Top Five Questions Asked by Those Arrested for First Time DUI

Top Five Questions Asked by Those Arrested for First Time DUI

1. Will I go to jail? A first time DUI carries a maximum sentence of up to 6 months of jail, however this is seldom if ever imposed. Typically on a first time DUI, as long as there are no aggravating factors, you will not serve any additional jail time to what you have already served. Aggravating factors can be having children under 14 in the car during the offense, excessive speed enhancement, refusing chemical tests, injuring someone in an accident, etc. If your case is a typical, standard first time DUI, then you can probably expect no additional jail time with exceptions.

2. Will I lose my license? A first time DUI does carry a mandatory license suspension. There are two possible ways to this process. Your license can be suspended either after a DMV Hearing loss or a conviction of a DUI in court. This can range from a 30-day suspension, followed by a 5 months restricted license following a DMV Hearing loss to a 6 months restricted driver license following a DUI court conviction. The restricted license is only to, from and during the scope of your employment and to and from your mandatory alcohol classes.

3. How much are the fines? Typically, the total fines and fees that a person will pay on a first time DUI is $2,064.00. These fines may be paid in full, or paid off through a payment plan at the court collections office.

4. Will I have to take classes? A person must complete either a 3 or 9 month alcohol program. The level of program is typically based on the person’s blood alcohol concentration. If the person’s level is between.08% to.19%, that person will be required to complete the 3-month program, however if the person’s level is.20% or higher, they will be required to complete a 9-month program.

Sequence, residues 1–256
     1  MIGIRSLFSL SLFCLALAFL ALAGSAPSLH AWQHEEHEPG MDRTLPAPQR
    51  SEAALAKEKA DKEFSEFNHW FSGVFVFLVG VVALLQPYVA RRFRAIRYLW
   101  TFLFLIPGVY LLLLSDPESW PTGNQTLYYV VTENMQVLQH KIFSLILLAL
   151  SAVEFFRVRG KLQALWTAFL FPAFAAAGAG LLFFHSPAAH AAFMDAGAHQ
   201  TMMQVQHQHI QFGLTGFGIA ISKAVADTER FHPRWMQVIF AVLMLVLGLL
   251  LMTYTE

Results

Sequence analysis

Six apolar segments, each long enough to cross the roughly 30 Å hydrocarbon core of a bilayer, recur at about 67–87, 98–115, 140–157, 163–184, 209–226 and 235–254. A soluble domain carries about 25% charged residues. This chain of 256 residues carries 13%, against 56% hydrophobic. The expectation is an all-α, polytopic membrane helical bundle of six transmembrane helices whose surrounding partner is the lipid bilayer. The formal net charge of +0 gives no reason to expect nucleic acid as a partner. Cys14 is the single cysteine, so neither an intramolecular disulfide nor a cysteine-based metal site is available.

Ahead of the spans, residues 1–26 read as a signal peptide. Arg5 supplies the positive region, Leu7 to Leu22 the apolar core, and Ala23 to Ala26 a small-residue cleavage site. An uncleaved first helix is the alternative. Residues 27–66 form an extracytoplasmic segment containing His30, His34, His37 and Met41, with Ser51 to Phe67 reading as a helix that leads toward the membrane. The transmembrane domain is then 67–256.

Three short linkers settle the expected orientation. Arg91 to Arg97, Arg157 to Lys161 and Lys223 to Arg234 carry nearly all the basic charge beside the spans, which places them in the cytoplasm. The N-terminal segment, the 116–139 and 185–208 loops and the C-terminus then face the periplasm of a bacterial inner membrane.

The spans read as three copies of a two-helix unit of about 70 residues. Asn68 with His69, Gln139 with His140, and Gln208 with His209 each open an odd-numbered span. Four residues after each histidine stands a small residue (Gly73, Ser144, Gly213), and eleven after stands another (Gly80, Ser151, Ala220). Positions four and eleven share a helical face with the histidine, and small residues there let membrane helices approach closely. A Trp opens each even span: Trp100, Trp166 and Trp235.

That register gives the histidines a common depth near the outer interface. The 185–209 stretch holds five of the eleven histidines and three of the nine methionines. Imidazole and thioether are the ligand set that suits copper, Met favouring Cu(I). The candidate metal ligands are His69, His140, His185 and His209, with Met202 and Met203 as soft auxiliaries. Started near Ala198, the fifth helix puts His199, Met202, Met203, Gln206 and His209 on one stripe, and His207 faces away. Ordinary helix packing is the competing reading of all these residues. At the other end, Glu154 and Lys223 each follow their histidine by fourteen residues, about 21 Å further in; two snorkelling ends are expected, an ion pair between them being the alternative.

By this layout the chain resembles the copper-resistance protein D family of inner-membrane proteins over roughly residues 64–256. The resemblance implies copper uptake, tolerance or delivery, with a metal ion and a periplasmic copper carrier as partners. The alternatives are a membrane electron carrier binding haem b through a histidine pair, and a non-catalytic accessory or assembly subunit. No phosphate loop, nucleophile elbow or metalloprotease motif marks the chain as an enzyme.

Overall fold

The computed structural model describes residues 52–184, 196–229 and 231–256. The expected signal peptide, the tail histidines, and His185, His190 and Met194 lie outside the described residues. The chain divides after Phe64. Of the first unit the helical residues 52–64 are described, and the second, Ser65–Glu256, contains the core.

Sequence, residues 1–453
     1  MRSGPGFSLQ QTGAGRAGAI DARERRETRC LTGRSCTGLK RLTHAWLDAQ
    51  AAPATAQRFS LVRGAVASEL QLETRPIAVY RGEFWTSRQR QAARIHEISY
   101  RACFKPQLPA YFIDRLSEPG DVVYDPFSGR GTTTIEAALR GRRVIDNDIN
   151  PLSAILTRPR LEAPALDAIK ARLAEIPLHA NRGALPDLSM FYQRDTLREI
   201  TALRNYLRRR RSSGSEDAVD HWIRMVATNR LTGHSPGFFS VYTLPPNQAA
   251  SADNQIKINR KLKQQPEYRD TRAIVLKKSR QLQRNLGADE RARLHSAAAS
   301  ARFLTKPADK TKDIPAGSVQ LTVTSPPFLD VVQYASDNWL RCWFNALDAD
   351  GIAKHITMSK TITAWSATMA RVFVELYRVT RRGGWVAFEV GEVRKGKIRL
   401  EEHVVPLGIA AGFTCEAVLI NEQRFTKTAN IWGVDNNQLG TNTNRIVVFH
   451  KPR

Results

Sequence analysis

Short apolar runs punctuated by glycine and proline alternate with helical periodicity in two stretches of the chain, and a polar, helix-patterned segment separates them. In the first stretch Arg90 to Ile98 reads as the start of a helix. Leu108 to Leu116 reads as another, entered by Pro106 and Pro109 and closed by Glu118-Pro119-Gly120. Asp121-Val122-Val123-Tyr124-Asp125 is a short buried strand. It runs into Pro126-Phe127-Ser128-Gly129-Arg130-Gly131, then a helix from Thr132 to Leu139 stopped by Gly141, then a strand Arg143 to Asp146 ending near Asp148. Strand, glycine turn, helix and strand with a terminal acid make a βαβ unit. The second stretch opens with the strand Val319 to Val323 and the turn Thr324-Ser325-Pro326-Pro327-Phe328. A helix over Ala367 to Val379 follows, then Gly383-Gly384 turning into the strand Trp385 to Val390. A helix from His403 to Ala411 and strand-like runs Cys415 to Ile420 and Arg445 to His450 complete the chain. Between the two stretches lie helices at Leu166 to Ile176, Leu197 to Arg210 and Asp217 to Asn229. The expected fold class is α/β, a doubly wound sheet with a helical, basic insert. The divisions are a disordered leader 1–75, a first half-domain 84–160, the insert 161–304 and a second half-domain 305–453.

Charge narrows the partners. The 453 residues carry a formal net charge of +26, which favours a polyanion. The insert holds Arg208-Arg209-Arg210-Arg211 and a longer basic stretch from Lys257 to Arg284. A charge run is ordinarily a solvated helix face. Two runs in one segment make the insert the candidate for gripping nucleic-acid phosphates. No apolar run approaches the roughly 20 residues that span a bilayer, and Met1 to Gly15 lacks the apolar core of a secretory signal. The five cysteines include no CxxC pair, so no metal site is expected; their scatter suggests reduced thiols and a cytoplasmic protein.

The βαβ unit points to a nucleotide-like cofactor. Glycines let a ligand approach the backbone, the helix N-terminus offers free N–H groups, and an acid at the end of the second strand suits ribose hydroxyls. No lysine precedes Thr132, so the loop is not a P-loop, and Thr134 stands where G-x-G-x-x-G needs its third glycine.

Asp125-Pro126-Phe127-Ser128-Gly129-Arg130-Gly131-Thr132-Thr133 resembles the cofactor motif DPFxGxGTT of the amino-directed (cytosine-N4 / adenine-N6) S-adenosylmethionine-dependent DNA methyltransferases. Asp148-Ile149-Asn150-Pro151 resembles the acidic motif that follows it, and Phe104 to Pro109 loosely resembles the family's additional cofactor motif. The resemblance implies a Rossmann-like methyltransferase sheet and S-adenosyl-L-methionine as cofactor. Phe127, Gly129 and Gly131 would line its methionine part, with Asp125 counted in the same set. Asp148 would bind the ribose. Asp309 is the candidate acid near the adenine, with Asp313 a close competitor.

5. How long will this stay on my record? A DUI conviction will stay on your record for prosecution purposes for ten years from the date of offense. If you are convicted of one or more DUI’s within the next 10 years, then you will counted as a multiple offender and will be subject to higher fines, more jail, longer license suspension, etc. and if it is a fourth offense or more, will most likely be charged as a felony offense, which could land you in state prison.

Remember that all of the above answers are based upon what happens to the majority of average first time DUI cases, however each case is looked at differently and the outcomes could be greater than what is listed based upon circumstances of the individual cases.

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